The Incredible Shrikes

It’s October 1952 and Hull Fair is encamped on wasteland adjoining Walton Street. P.C. Whitty is looking for the ‘The Incredible Shrikes’. At the far end of the encampment he sees two human size paintings of birds on the side of a caravan. A poster depicting the shrikes and their human trainers, in bird costumes, reads: ‘The Shrikes. They said we’d never train the infamous Butcher Birds. BUT WE HAVE!’

He knocks on the caravan’s door – there’s no reply. He shouts, Anyone home? 
A woman opens the door. Behind her, inside the caravan, many shrikes swirl. 
I’m sorry, Whitty says, I can’t think straight with all them birds swirling about.
The woman puts her fingers to her lips and blows a high-pitched whistle; the shrikes perch where they can.
Thanks, Mrs Shrike.
We’re not married. What do you want?
To speak with you both about the legality of your act.
Best come in. Ollie’s out. I’m his partner, Polly. Our act is legal. 
Whitty retches behind a handkerchief over his mouth and nose. 
Yeah, they do shit a lot. 
Could we please open a window? 
Cut to the chase, constable.
A concerned member of the public has made an official complaint. This asserts that
our fairground sideshow, featuring shrikes, is disturbing.
What’s disturbing about it? Great Grey Shrikes are predatory songbirds known as ‘Butcher birds’. They live here with us. 
Good god. Why?
It makes us think like shrikes, sort of method acting; we get inside their heads, and they get inside ours.
So, they’re not pets?
No, they’re nasty; you wouldn’t want one as a pet. We’ve trained them to perform in a purpose-built big mesh cage by doing tricks before catching mice and hanging ‘em on barbed wire.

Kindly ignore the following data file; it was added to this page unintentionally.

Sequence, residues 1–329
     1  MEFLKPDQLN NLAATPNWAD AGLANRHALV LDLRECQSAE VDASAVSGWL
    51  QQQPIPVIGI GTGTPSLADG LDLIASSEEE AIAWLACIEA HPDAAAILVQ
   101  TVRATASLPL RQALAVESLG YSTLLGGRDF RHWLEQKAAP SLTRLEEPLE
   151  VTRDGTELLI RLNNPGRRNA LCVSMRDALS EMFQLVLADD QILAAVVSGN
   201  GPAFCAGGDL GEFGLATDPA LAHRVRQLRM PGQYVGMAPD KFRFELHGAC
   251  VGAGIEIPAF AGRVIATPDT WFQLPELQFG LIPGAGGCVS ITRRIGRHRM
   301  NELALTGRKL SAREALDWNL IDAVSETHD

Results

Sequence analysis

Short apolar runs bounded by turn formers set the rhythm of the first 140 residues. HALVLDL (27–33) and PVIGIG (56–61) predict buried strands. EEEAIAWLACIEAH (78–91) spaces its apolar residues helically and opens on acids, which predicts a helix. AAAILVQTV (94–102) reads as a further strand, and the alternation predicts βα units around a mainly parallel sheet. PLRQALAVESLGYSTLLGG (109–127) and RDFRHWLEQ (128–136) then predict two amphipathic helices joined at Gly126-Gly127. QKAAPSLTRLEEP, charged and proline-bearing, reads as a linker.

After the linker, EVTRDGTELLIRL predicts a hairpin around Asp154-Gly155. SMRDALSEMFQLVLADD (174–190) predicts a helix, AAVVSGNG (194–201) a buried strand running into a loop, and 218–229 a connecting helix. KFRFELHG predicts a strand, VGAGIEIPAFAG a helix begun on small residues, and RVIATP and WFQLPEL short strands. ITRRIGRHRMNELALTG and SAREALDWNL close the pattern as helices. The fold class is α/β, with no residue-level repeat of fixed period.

Isn’t that cruel?
It’s natural for the birds.
I was thinking of the mice. I must speak to you both. When’ll he be back?
I never know. I think the cheating bastard’s got another bit on the side. I’ve had enough. He’s got it coming. 
What’s he got coming?
Hell hath no fury …. Try tomorrow about four; he’ll be costuming up then.

The next day Whitty arrives and finds the caravan’s door flapping in the wind. He goes in. There’s no sign of Polly, or the birds, but the stink of shit remains.

Outside, to the rear of the caravan, he sees someone dressed in a large grey and white bird costume. Mrs Strike, is that you? he calls. 
Laughing, she takes off her costume’s head and says, He’s gone. On the ground, dressed in an identical costume, lies an inert body. She pulls off its costume’s head, revealing bloodied barbed wire tightly bound around the man’s neck cutting through his jugular vein and carotid artery. Meet Ollie, she says. Two shrikes peck at Ollie’s wounds. 

Subsequently, Whitty frequently ‘sees’ shrikes feeding on Ollie’s neck. He hears shrikes and Polly shrieking and believes this to be laughter. He takes compulsory retirement due to a mental breakdown.

I hope you enjoyed this story. Please feel free to pass it on to others who may be interested. You can read my previous 500 word stories on my website under ‘Writing’.>>>More

© Phil Cosker 2023
Phil Cosker has asserted his right under the Copyright, Designs & Patents Act 1988 to be identified as the author of this work. All rights reserved; no part of this work may be reproduced or transmitted by any mean, electronic, mechanical, photocopying or otherwise without the prior permission of the author.

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